WannaCry Ransomware: 6 Implications for the Insurance Industry

WannaCry Ransomware: 6 Implications for the Insurance Industry

The WannaCry ransomware is one of the most significant and widespread cyber security attacks ever experienced. In addition to causing substantial disruption to businesses globally, it also illustrates the emerging risks that the insurance industry faces when it comes to cyber attacks.

This article provides background about the attack, which continues to unfold, and calls out implications for the insurance industry as cyber risk permeates more aspects of the global economy.


On May 12, 2017 a new variant of the Ransom.CryptXXX family of ransomware began impacting a large number of organizations, particularly in Europe.

WannaCry encrypts data files and ask users to pay a US$300 ransom in bitcoins. The ransom note indicates that the payment amount will be doubled after three days. If payment is not made after seven days, the encrypted files will be deleted. It propagates to other computers by exploiting a known SMB remote code execution vulnerability in Microsoft Windows computers. (MS17-010) The exploit, known as “Eternal Blue” was released online in April in the latest of a series of leaks by a group known as the Shadow Brokers, who claimed that it had stolen the data from the Equation cyber espionage group.

There are reports of infections in over 100 countries, including high profile targets and many others that remain unreported in the public domain. At least 16 National Health Service (NHS) organizations in the UK have been hit with some outpatient services being canceled; Deutsche Bahn has confirmed some passenger information displays and ticket machines were inoperative; and Spanish telecom company Telefónica confirmed the ransomware has impacted parts of its IT system.

More information about the security implications of WannaCry is available from Symantec in the article “What you need to know about the WannaCry Ransomware”. But in addition to impacting the security industry, the event has substantial implications for insurers.

What does this mean for insurers?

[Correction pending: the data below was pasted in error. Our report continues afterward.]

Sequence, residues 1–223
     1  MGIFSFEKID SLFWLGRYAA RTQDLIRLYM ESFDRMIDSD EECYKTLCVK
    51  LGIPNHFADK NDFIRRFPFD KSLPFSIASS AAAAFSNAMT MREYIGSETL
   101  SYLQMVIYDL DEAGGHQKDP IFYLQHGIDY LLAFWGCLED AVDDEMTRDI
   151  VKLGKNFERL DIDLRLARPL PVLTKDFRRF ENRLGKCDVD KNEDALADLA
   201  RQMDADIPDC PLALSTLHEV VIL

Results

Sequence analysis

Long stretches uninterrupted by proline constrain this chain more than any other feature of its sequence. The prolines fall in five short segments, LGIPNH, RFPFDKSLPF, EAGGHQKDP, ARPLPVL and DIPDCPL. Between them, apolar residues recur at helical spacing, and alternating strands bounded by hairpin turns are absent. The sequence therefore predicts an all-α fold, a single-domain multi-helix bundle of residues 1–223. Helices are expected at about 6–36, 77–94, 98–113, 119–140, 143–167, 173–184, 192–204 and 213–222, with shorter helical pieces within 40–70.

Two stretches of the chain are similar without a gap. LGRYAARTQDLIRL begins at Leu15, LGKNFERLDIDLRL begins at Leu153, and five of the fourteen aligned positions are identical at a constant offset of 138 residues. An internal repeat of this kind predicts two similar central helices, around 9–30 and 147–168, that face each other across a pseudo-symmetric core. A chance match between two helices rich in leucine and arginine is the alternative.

1. Insurance Aggregation Events are No Longer Geographically Constrained: Unlike natural catastrophes, where insurers have a geographically contained footprint, companies impacted by cyber attack cross geographic boundaries and are difficult to track. Big data analytics from major technology companies with a large install base can provide modeling for how such a risk is likely to spread. For example, in 2016 Symantec tracked 357MM new malware variants leveraging a detection network of 225MM devices in 157 countries. Ransomware is a particularly pernicious form of malware with 464K detections (up 36% in 2016). Data-driven methods will be needed to model historical events and understand what learnings they provide about the impact of cyber aggregation scenarios, like WannaCry.

2. Need to Stress Test Insurer Losses Against Cyber Aggregation Scenarios: Cyber risk is embedded into all aspects of the global economy and therefore into policies that spread far beyond standalone affirmative cyber data loss insurance. Vendors, such as Symantec, are partnering with insurers to develop and model these scenarios based on the highest frequency and severity potential aggregation events.

The spread of self-propagating mega malware taking advantage of vulnerability in a systemically important operating system (much like this month’s WannaCry attack) is a core scenario (scenario 19) in the probabilistic cyber aggregation model that Symantec Cyber Insurance is releasing this summer. Similarly, the service interruption to a major cloud service provider and an attack on a DNS provider were all scenarios envisaged by modeling firms such as Symantec and were realized in the past 12 months with the AWS S3 outage and the Mirai DDOS attack. (For more information see, “3 Reasons Why the Insurance Industry Will Never Be the Same After the Mirai DDoS Attack”).

Scenario-based approaches can never cover all eventualities but recent evidence suggests the events that most concern cyber experts are indeed the events that have transpired.